Discussion in 'Non-Vegas Chat' started by ken2v, Apr 2, 2014.
Went down the hill to the farm stand. It's Artichoke Season!! And other good stuff now, too!
That's some good eating!
Perimeter check tonight - looks like it will be a good year for the blueberries (fingers crossed!) Two beds of early season vegetables have sprouted in the garden too, yippee! And I need to transplant my tomato starts into bigger pots in the greenhouse
I finally got some chiles going, but it's still just mostly herbs, herbs, herbs here. I'll get another couple raised beds built this summer.
I did a bunch of starts from last year's chiles & peppers (we saved seeds)- they haven't germinated yet. Last year was a terrible year for my tomatoes but the chiles & peppers did well.
Some of my perennial herbs are coming back - thyme, chives, oregano. Not sure what's up with the rosemary. Could just be slow to come back, but I might have to replace it.....I'll worry about annuals in another 3 weeks (Easter - that's what all the old gardeners down here have been telling me for years)
My officemate runs a community garden and has a ton of seeds to swap with me - she's been in Singapore for the last week but she promised to bring them tomorrow
Ken, when are California Strawberries not in season? :evillaugh
As for Asparagus, just waiting a few more weeks for some local Jersey Grass to come to market.
Where we are berries disappear in December and return in March. How DO we survive????
Always kills me when I see folks at Albertson's buying clamshells of Central or South American berries and the nearest farmstand is just over by the mission.
We still have 2 more weeks until the Farmer's Market opens here.
I admit that fresh produce in roadside stands is the thing I miss most about California. I used to drive through Castroville regularly and buy artichokes as big as my head for $1 each out of a truck on the side of the road. The chokes we get in WA are so sad and bruised, with squishy stems.
I also like to amaze my northern friends with tales of "winter strawberries". Our little burg is pretty famous for its long history of wonderful strawberries, but never has anyone heard of a winter crop. But at mom's house, they are my favorite.
Just curious Ken, how you cook/serve your artichoke? We bought one yesterday for a recipe my daughter was making and by the time she finished hacking it apart, it was only good for the trash!
I've had it roasted with herbs and parmesan cheese at Salvatore's Italian restaurant at Suncoast but how else can they be eaten? BTW, we paid $1.89 for that one yesterday (it was probably months old). What are you paying for fresh?
Lucky you with the asparagus. Nothing better than tender young stems. I do mine with tarragon/garlic butter and have been known to have a bowl of them for breakfast. Yum!
$1.50 today. But trust me, they're often off the charts since they can nail the folks on the export market.
I steam them for 30, cool, cut in half and remove the gills, hit 'em with olive oil and a gob of minced garlic and sea salt, then convection roast for a bit to char 'em up.
So many great places in these great United States. But CA is definitely up there. I always laugh when folks go off on "fruits and nuts" and "commies" and "falling into the ocean" as we choose between the highest mountains in the continental, the longest coastline, the lowest desert, the tallest trees; San Francisco, Tahoe and Palm Springs; the ag of your Monterey heart and the wine of so many places; Gold Country and Ocean Beach; the breadbasket of the nation running through the middle … and Vegas just over the border.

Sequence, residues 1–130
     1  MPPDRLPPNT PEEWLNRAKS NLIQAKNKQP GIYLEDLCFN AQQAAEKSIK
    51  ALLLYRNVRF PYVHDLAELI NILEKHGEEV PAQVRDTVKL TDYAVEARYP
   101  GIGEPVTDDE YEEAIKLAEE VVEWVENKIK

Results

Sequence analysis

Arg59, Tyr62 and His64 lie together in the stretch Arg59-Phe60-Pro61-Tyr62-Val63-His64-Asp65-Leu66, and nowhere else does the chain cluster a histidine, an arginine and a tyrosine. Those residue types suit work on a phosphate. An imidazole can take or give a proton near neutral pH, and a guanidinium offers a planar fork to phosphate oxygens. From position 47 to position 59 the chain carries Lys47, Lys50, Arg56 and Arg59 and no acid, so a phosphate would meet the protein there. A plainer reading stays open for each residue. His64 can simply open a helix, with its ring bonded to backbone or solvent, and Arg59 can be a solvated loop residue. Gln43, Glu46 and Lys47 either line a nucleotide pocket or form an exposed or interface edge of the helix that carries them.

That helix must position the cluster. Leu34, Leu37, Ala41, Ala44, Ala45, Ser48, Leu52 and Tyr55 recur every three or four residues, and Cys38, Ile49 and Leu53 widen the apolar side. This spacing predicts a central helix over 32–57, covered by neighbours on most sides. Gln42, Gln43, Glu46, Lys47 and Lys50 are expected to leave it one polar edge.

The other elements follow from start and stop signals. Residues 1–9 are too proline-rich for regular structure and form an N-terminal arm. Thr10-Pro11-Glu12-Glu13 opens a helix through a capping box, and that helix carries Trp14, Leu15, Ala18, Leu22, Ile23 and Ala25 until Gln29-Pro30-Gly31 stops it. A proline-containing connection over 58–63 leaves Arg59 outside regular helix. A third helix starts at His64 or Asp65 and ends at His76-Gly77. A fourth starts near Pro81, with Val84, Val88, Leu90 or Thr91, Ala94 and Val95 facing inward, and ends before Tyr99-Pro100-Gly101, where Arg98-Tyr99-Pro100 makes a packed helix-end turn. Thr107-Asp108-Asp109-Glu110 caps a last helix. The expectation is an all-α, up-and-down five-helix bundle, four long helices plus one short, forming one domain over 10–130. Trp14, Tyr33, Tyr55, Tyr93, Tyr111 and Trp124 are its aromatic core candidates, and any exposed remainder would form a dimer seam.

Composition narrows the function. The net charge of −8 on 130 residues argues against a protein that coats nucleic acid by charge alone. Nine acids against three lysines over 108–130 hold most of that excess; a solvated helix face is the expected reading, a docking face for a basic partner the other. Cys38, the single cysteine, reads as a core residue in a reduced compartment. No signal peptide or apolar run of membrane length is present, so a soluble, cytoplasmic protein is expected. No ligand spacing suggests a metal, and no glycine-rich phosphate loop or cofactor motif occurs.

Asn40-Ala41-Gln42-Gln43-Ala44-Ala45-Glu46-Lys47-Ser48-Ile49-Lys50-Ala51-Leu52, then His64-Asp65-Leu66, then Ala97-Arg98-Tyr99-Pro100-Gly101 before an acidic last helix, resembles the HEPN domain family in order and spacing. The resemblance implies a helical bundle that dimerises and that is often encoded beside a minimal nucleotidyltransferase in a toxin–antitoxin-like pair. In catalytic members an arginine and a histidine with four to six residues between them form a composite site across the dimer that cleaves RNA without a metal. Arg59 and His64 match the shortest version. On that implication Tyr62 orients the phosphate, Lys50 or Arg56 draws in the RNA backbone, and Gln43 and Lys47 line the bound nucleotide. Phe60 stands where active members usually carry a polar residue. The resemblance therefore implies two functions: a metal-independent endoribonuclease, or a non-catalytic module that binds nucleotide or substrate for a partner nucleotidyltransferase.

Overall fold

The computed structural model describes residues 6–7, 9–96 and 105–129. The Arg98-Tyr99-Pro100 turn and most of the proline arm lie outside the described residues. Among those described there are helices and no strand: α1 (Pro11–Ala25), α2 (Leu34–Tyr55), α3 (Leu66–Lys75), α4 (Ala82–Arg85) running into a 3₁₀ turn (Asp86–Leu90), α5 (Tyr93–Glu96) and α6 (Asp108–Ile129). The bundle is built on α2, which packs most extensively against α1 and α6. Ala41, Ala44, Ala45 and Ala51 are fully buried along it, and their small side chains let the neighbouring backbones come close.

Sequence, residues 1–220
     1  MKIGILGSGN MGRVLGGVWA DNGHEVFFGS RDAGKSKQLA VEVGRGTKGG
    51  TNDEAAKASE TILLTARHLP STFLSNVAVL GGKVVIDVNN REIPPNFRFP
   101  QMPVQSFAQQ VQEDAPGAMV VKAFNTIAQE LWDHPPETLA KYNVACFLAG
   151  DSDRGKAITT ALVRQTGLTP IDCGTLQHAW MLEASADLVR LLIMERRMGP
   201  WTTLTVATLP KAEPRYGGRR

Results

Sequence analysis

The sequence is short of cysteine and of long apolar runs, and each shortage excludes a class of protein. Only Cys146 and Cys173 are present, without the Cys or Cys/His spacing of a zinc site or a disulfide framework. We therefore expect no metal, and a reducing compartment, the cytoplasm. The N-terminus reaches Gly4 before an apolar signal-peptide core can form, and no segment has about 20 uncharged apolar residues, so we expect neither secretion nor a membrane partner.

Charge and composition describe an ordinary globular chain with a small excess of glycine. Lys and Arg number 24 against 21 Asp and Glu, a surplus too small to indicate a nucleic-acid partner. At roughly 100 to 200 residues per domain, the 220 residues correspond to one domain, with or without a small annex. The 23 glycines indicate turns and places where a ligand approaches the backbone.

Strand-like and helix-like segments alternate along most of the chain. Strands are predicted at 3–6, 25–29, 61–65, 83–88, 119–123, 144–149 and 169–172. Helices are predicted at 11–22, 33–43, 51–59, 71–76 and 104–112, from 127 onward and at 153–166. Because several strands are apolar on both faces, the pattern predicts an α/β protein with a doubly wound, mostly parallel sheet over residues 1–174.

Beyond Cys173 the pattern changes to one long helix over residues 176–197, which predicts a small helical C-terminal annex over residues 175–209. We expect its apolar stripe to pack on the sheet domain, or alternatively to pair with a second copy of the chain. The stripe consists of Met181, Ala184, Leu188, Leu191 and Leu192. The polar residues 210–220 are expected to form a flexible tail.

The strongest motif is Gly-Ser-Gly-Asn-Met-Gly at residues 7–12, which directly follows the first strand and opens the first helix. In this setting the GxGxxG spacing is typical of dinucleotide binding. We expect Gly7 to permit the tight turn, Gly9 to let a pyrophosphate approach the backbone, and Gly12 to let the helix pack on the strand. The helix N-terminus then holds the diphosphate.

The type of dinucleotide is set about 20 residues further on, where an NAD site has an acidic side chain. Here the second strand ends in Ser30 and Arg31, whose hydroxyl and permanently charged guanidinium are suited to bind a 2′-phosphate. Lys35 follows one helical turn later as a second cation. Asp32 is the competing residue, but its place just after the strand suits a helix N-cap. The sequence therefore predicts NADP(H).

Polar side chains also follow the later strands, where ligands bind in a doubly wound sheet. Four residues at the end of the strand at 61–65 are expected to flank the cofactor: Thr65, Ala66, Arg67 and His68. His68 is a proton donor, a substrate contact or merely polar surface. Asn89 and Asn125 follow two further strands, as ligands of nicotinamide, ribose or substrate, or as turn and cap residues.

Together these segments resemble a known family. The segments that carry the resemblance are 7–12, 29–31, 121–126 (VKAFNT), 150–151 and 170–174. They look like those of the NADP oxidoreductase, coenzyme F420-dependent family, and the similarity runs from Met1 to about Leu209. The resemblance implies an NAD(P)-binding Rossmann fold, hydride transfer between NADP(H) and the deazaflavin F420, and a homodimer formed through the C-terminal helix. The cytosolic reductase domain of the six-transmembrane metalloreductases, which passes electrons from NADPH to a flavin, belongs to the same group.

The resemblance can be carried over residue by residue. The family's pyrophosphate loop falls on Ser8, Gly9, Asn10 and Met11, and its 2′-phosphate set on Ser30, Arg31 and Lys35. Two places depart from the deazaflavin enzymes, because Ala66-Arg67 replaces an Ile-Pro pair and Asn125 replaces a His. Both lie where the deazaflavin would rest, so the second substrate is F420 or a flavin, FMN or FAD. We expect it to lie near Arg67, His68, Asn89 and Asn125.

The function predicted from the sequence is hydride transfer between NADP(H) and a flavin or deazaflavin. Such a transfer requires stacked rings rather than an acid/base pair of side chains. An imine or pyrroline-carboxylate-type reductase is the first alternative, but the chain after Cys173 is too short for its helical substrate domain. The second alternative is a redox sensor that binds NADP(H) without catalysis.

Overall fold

I hear that..last year wife and I went to Salinas to get farm fresh stuff (stawberries and artichokes) LoL, we ate all the strawberries before we even got home! hahaha
I will take Joe's POV on this one.
It's still winter here. Expecting between 6-14 inches of snow from now until tomorrow. Oh joy.
Artichokes and asparagus are both known for being difficult to pair with wine. Any suggestions?
For me with those vegetables - wine choice would depend on how you are serving them. For instance, with artichokes, mayo or vinaigrettes are common sauces, but I wouldn't serve with the same wine.
That said, I'm notoriously bad at pairing the right wine with the right food, because I want to eat what I want and drink what I want:evillaugh
Hmmm. I just pull bottles. lol
We had a younger Pinot with high acid, and more red-hard-candy fruit notes instead of huge round ripe fruit. The protein was roasted chicken.
Viognier would seem to be a good match, too. And staying in whiteland, Sauv Blanc.
Loads of oak and excessive malolactic might be a bad thing.
You had me with the gob of minced garlic. I will definitely try this out. Have to prove to my daughter that they really are edible. She just couldn't find any part of it that looked worthy of eating. Silly girl!
I'm surprised by the price. I thought I'd be paying a lot more than you.
Produce is weird here like that. The value of chokes, particularly overseas, leaves little reason for Steve and the other growers to give 'em away. But at a buck-half I will say they are just plucked and the size of grapefruits. Yet I can get a massive wad of cut-yesterday spinach for 49 cents. And we do rock the berry prices and, well, having all those vineyards out there … is getting damned expensive. lol
Lots of imported fruit and veggies here in Cape Coral, also, and all one has to do is look a little for the good stuff.
Might have you beat fishwise. Got a two-pound pompano today off Sanibel. Probably my last outing unless we put the kayaks in tomorrow. I know of no Florida wine to recommend, although they make some.
You def have me on the fish thing. I mean, I can get most any Pacific bounty with a quick drive north or south, but mano y fisho? No way. You win easily!!
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